Obviously I wouldn't suffocate/burden my DDs with feeling there's danger around every corner and never to trust anyone, but surely it's part of being a parent for that to be in the back of your mind?

GnomeDePlume Sat 10-May-14 00:01:27

I will never judge.

I remember a tiny incident in a store when DD1 who was four walked ahead of us in the paying queue in a store. She found herself next to a man who took her hand and then let it go. He looked around and caught my eye. He didnt smile at DD or at me.

Perhaps it was nothing. It probably was. But that was fifteen years ago and I havent forgotten.

passmethewineplease Sat 10-May-14 00:03:53

I think it's about balance. DD walks next to ne nicely without hand holding sometimes.

I don't see a problem with that.

On the other hand my aunty found a young girl, around three who looked lost and said she was looking for her mummy, my aunty made her stay in her shop by talking to her and wait to see if mum came back. Said mum did but I'll be honest did not seem overly concerned, she walked off chatting to her friend with the little girl lagging behind, can totally see how that girl got lost.

AgentZigzag Sat 10-May-14 00:04:49

I've just read my post back and I didn't mean for it to sound as though I was putting any blame on the lads mum. I know shit can happen so quickly however close an eye you keep on them.

ThinkIveBeenHacked Sat 10-May-14 00:06:20

There is a line between monitoring your dcs close to you and letting them go off into danger. He was very close to his mother at all times, however some of that was behind her.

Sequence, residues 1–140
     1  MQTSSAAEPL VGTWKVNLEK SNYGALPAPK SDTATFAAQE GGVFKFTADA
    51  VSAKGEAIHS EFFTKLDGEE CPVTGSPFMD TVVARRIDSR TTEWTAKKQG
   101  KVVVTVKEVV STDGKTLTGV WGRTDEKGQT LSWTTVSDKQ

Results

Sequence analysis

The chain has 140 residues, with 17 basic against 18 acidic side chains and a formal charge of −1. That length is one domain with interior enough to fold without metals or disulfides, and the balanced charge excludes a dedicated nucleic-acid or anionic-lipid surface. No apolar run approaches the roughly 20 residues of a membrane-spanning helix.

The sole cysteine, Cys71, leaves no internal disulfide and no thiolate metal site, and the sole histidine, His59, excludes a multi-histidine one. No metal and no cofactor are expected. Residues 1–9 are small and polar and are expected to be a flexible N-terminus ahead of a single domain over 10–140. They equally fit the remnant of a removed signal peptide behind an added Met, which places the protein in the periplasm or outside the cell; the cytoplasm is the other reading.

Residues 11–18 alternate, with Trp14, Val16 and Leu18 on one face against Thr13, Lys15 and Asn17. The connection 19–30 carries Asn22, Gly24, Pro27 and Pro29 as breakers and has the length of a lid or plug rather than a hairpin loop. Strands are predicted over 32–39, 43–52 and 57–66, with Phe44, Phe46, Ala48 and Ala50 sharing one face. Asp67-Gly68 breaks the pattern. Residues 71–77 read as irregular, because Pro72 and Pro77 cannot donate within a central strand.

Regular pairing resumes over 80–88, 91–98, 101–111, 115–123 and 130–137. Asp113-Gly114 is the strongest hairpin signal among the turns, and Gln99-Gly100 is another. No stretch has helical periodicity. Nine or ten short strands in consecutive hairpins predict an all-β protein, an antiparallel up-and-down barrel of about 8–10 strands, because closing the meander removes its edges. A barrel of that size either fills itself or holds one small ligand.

However what has shocked me on the comments on the news websites is that even the commenters who think the man was snatching the boy still placed blame solely on the mother.

Abductor apologists.

The person in the wrong is the abductor, irrespectibe of anything else. If I leave my front door unlocked, and it isburgled, the criminal is the burglar. If a woman is raped whilst wearing a mini skirt, its the rapist who is wholly in the wrong.

Whilst every step can be attempted to be taken to keep.oneself, ones children and ones property safe, it is the person with the criminal intentions in mind that is doing the wrong doing.

shakinstevenslovechild Sat 10-May-14 00:06:22

While using my post as an example Ican you missed out the part where I agreed it is very difficult to keep a hold of your child at all times (which is why I used the alarm, alongside the fact I have 4 dc, one of which bolts off at any opportunity) hmm

The Mother in that clip had her eyes off her child for 2 or 3 seconds, every parent in the world has done that more than once, it is very rare that any of us end up in the news and having our actions scrutinised because of it though.